Two of the most significant barriers to ad agency new business success are time and resources, and this past year has made those barriers even worse. No matter how an agency handles new business, it is a struggle to allocate adequate time to do the minimum tasks necessary to be successful and find sufficient resources to get all the work done. There are only so many hours in the day and a limited budget to support it. Yet agencies have to work within these limitations and still find new clients.
For new business planning, agencies should lay out all the possible options they believe will help achieve their growth goals, prioritize them, assign time and cost values, and then decide what is achievable and realistic. Some agencies have tools that help expand and scale their tactics, provide data and tracking to improve results, and automate repetitive tasks where possible. Marketing automation, prospect databases, and other tools can be a big help. These are the kinds of resource decisions agencies must also make as a part of their planning.
Given these limitations, how should agencies decide what and what not to do? It starts with a formal planning process. Define the prospecting objectives and align tactics best suited to achieve them. The goals are straightforward, whereas the tactics can vary based on the agency's strategy. Like any marketing plan, every tactic should be managed with a test and learn approach to ultimately define with data what works best and the cost-benefit of each.
The key objectives for agency prospecting – you may have more or less
- Build Prospect Lists
- Trust and Authority
- Engage, Pitch, and Win
There are many choices for each objective, and it can be overwhelming to think about the time and cost associated when you look at all possible tactics. This is often the point in the planning process where agencies default to the easiest, cheapest, and fastest tactics, whether or not they are the most effective. Regardless of which tactics you implement, the goal is to be present wherever your prospect is; in their feed, in their media, in their inbox, in their conversations. When you consistently show up with relevance and authority, more of your prospects will want to know more because they are facing unprecedented challenges today and need solutions.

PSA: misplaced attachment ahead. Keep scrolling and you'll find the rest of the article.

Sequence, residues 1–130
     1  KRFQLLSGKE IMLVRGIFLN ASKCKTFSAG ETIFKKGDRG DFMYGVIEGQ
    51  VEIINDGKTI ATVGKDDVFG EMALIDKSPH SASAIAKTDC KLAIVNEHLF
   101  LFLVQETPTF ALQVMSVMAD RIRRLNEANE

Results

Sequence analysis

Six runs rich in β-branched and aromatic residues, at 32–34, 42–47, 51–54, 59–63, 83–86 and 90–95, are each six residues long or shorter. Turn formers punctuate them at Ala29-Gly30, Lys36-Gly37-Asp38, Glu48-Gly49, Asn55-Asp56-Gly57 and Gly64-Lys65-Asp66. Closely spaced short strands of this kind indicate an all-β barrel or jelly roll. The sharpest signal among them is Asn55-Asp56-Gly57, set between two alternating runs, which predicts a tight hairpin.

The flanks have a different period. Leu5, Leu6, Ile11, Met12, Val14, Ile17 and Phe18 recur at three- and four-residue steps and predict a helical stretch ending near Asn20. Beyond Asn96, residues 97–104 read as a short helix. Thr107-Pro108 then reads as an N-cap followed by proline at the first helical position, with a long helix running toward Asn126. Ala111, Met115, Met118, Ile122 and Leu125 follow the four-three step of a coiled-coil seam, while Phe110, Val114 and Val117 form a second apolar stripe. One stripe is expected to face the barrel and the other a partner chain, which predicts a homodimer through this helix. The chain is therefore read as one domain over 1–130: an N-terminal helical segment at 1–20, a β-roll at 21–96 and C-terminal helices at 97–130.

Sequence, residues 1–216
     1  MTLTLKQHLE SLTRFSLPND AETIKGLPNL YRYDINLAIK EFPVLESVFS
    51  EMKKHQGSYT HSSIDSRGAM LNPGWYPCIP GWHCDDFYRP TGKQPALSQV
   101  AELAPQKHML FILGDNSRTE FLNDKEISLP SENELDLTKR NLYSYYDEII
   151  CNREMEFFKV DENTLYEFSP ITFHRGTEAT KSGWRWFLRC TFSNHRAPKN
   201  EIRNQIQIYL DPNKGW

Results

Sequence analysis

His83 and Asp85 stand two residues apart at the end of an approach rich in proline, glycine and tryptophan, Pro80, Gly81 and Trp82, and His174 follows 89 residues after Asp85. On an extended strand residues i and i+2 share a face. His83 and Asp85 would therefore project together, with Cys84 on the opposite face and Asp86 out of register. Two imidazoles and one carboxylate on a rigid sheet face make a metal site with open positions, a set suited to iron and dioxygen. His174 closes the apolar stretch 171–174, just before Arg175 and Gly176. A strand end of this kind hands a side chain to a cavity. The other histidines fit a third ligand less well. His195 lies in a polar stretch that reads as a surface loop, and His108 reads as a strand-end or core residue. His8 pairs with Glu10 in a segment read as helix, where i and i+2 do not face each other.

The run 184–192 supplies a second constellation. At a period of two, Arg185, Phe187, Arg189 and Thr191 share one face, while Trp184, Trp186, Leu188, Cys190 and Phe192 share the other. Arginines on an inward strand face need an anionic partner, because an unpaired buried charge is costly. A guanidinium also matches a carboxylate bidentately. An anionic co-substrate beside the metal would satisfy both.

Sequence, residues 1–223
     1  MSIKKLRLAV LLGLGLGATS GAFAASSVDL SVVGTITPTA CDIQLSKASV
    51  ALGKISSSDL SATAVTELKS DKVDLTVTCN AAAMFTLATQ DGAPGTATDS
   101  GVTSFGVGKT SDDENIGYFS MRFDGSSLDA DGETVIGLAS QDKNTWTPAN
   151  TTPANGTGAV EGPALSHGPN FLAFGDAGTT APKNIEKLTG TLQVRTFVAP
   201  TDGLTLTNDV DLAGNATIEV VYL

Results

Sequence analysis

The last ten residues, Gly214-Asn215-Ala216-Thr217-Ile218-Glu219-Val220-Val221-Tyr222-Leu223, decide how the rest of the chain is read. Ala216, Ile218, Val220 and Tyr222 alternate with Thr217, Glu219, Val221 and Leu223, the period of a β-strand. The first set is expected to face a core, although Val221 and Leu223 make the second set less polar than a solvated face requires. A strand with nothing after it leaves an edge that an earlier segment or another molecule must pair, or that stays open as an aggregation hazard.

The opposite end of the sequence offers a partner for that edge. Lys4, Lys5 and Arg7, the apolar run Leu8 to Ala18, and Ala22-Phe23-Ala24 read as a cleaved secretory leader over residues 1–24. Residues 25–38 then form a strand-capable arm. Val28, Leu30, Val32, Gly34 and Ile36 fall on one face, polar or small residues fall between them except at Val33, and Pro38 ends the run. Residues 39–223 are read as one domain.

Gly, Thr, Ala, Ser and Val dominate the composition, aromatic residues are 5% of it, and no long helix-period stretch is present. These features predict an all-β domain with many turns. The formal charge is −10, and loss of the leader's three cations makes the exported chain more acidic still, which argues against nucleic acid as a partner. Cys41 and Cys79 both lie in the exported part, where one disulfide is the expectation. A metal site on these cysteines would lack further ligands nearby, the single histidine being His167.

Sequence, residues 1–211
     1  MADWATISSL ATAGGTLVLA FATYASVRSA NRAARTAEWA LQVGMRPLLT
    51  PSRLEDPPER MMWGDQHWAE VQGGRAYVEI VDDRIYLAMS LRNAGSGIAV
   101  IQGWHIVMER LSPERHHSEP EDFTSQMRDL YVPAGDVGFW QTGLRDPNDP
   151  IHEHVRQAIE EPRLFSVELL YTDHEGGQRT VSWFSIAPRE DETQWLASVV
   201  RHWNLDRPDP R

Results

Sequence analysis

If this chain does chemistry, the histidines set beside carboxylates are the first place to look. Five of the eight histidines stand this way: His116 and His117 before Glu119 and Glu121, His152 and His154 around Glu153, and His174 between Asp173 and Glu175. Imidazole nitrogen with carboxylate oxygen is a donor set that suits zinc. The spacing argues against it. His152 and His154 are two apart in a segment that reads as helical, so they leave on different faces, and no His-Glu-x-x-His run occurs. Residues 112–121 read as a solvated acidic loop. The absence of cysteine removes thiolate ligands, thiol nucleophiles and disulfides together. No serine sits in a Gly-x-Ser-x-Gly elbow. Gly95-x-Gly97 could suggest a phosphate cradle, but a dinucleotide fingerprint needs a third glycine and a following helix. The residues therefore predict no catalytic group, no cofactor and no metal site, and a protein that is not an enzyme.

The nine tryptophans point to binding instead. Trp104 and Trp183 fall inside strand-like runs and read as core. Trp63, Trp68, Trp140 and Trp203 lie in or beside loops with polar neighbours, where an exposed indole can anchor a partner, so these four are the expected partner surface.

Given the time and resource challenges agencies face, how can they know what tactics will serve them the best? Welcome to the Prospecting Matrix, a simple planning tool. The matrix is simple, but the value in the tool lies in detailed estimating of the time, cost, and value of each tactic. It’s really no different from what agencies do for their clients when charged with developing a new campaign. If you put the same time and effort into your matrix as you would for your client, you will get the results you want.
Start by getting the whole team together for a brainstorming session. On a whiteboard, write down all possible tactics you think are effective ways to reach any of the objectives and then group them under the corresponding goals they support. Include everything possible that’s also reasonable. Most agencies won’t spend $10K a month on paid social but $1K might be reasonable. When you have a comprehensive list, prioritize the top 3 – 5 tactics under each goal.
Use a spreadsheet and input each objective and associated tactics under them in the first column. The layout is objective 1, and the 3 – 5 tactics, then objective 2, and 3 – 5 tactics, objective 3, etc., until you have the complete list of possible prospecting tactics to execute.
In the second column put TIME, the monthly estimated time of agency staff including your time, creative time, product time, etc., to complete the tactic.